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This yearís freak spate of crashes doesnít mean air travelís getting more dangerous

This yearís freak spate of crashes doesnít mean air travelís getting more dangerous

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Old Jul 25, 14, 12:39 am
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This yearís freak spate of crashes doesnít mean air travelís getting more dangerous

But even though 2014 has indeed been one freakishly bad year for air travel, flying is still one of the safest ways to get around. Hereís some key context, in charts:

http://qz.com/239928/this-years-frea...ore-dangerous/
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Old Jul 25, 14, 5:24 pm
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Yet another reason I don't like to drive very much. I can't wait for the day where the majority of passenger vehicles are self-driven.
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Old Jul 25, 14, 5:31 pm
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saw a news report on NBC news that the chances of you in a commercial flight are once in 60000 years of flying. Let' s go
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Old Jul 25, 14, 6:54 pm
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The statistician in me has to ask:

doesn’t mean air travel’s getting more dangerous
2014 is on track to be the deadliest year in air safety since 1998
While I understand the point that air travel is much safer than any other mode of transportation, isn't the title simply false?
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Old Jul 25, 14, 7:52 pm
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Old Jul 25, 14, 10:05 pm
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Originally Posted by tys90 View Post
Yet another reason I don't like to drive very much. I can't wait for the day where the majority of passenger vehicles are self-driven.
I agree that air travel is super-safe. Let's go!

But let's not get around urban areas with self-driving cars. We need more high-density, walkable (or bicycle-able) urban environments where you don't even need a car. Frankly, the post-World War 2 suburb (including most of Silicon Valley) is total B.S.
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Old Jul 26, 14, 5:47 am
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Honestly, before this spate and for a long while, I was thinking we really haven't had any air disasters to speak of. And even these, mostly, are not due to aircraft issues.
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Old Jul 26, 14, 8:37 pm
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Originally Posted by CPRich View Post
The statistician in me has to ask:





While I understand the point that air travel is much safer than any other mode of transportation, isn't the title simply false?
The statistician in you should ask whether an increased fatality rate this year would be statistically significant or well within the expect range of noise in the data.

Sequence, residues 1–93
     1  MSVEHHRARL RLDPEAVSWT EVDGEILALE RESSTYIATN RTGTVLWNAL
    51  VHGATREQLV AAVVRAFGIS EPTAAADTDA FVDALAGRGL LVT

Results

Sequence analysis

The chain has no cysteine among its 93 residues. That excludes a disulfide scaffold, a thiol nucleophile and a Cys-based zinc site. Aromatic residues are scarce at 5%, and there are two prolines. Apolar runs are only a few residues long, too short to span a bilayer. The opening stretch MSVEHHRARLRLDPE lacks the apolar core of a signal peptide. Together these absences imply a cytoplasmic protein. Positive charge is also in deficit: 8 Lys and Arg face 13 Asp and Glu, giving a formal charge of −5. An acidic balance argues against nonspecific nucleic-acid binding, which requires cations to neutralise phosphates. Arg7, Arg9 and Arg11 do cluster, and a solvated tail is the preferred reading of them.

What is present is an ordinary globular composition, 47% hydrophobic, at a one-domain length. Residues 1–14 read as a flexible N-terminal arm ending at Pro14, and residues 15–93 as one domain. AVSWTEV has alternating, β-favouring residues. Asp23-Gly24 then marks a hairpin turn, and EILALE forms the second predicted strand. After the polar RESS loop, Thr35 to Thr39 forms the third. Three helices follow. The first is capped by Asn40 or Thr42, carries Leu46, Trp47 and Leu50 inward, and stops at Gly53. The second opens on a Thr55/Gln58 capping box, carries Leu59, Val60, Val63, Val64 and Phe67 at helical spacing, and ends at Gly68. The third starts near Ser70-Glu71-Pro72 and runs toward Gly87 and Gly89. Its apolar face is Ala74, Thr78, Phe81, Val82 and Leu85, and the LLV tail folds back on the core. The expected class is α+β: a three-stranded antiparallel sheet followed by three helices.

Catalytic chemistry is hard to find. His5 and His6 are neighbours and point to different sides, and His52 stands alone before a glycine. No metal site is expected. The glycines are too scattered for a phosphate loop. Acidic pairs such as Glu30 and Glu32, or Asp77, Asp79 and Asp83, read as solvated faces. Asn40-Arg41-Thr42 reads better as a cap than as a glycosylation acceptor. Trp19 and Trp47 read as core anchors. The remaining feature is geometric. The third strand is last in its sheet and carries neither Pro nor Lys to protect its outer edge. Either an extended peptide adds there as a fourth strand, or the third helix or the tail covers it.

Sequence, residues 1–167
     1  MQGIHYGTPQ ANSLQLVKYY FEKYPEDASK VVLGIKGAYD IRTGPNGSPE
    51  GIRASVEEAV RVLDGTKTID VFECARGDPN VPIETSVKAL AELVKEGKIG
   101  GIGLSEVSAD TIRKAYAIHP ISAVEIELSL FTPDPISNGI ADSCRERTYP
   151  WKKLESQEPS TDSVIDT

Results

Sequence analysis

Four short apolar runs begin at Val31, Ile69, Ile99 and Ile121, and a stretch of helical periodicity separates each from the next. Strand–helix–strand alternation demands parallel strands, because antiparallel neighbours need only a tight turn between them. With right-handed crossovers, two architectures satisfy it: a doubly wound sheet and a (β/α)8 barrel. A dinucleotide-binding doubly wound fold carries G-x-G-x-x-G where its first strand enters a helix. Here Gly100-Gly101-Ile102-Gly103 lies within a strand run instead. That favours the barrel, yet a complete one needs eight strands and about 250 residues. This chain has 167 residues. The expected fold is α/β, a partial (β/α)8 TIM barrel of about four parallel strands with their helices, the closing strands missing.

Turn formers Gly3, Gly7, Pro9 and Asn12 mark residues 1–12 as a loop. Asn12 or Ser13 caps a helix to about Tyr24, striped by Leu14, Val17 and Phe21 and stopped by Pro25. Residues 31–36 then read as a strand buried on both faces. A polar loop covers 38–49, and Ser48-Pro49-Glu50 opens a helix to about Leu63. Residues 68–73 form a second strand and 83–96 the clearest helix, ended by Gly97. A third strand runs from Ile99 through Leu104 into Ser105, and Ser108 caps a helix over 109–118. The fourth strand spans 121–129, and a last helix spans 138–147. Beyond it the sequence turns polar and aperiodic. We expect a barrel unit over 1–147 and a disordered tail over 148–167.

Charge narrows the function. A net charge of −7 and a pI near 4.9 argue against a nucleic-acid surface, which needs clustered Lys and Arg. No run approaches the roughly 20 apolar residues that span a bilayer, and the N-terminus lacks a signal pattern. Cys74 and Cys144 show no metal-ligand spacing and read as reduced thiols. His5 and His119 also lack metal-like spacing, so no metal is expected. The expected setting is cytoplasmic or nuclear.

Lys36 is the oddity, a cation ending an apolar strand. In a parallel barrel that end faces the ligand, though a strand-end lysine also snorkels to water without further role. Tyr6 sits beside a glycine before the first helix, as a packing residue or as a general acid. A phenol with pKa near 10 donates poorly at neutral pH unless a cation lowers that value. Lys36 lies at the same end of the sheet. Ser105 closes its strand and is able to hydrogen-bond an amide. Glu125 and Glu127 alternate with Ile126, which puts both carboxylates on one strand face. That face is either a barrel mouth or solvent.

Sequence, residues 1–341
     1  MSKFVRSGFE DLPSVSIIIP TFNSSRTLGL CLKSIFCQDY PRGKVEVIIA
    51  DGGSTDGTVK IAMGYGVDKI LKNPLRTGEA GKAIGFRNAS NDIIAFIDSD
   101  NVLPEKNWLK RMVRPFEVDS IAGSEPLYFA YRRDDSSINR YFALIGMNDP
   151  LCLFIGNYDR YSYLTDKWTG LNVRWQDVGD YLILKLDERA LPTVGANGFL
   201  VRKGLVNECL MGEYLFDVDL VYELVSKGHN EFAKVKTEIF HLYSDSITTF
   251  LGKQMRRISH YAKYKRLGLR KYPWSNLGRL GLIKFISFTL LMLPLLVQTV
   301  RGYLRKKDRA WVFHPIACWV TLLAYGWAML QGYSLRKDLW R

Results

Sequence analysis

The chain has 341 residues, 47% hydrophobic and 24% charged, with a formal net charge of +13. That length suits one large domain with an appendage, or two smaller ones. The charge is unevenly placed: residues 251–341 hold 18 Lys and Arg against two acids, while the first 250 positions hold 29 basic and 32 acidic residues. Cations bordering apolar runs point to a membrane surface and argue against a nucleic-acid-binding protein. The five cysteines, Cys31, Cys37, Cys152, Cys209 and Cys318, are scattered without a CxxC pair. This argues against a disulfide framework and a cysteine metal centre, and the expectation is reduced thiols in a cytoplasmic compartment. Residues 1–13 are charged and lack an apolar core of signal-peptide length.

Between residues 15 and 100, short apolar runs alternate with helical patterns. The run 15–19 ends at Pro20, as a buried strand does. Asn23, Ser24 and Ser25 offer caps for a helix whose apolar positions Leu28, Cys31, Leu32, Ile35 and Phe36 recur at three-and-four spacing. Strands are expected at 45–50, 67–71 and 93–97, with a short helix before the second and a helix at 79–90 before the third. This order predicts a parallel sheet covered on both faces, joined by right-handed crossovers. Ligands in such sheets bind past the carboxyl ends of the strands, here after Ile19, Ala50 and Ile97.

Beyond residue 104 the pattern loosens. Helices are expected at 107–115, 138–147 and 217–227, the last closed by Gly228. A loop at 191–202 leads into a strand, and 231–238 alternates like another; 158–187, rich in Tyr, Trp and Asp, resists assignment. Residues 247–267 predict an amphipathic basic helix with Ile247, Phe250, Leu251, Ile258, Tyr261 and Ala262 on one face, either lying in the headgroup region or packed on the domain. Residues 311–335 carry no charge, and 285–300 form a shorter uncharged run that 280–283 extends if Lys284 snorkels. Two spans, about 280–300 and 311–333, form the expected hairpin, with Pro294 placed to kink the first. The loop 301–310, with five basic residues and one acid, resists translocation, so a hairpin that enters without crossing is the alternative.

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Old Jul 27, 14, 12:34 am
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Originally Posted by ChrisMD123 View Post
The statistician in you should ask whether an increased fatality rate this year would be statistically significant or well within the expect range of noise in the data.
I think that one could make a strong case that the degree of global instability is much worse than the norm, and the likelihood of an terrorist takedown, or a possibly inadvertent shoot-down such as the Malaysia flight over the Ukraine, is significantly increased in such an unstable environment.

I think the crashes in Mali and Taiwan could in all likelihood be chalked up to a noise spike generating random events, but I believe the Malaysia shoot-down in Ukraine is a result of an actual increase in hazard from a known causal factor that is worse presently than it had been in the past. Of course, it's pretty near impossible to model the increased risk based upon one data point, but I do believe that there is a clearly observable increase in that one specific risk factor - and that increased risk factor has been seen to cause to a catastrophic event. It's even possible that this same risk factor has caused the prior Malaysia Air loss as well, but the lack of the plane makes that simply a guess at this point.
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Old Jul 27, 14, 7:11 am
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People will ignore these stats for a very good reason:

In a car, you have a great deal of control over your own safety. Therefore the accident and fatality stats will be skewed toward those who drive with less care, and their few passengers.

In a plane, you have surrendered control. Your chances of survival are only as good as every other passenger's.
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Old Jul 27, 14, 8:37 am
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I'm no statistician, but even I can see that there are normal variations in just about anything, and some years are going to have more crashes than others.

Personally, though, I do not include MH17 in the list of "crashes", since it was intentionally destroyed in an act of war. I'd classify it the same as any other civilian casualties of war, though I do condemn the airlines for not routing their flights around a hot conflict zone where the combatants on both sides have anti-aircraft weaponry.

Originally Posted by Explore View Post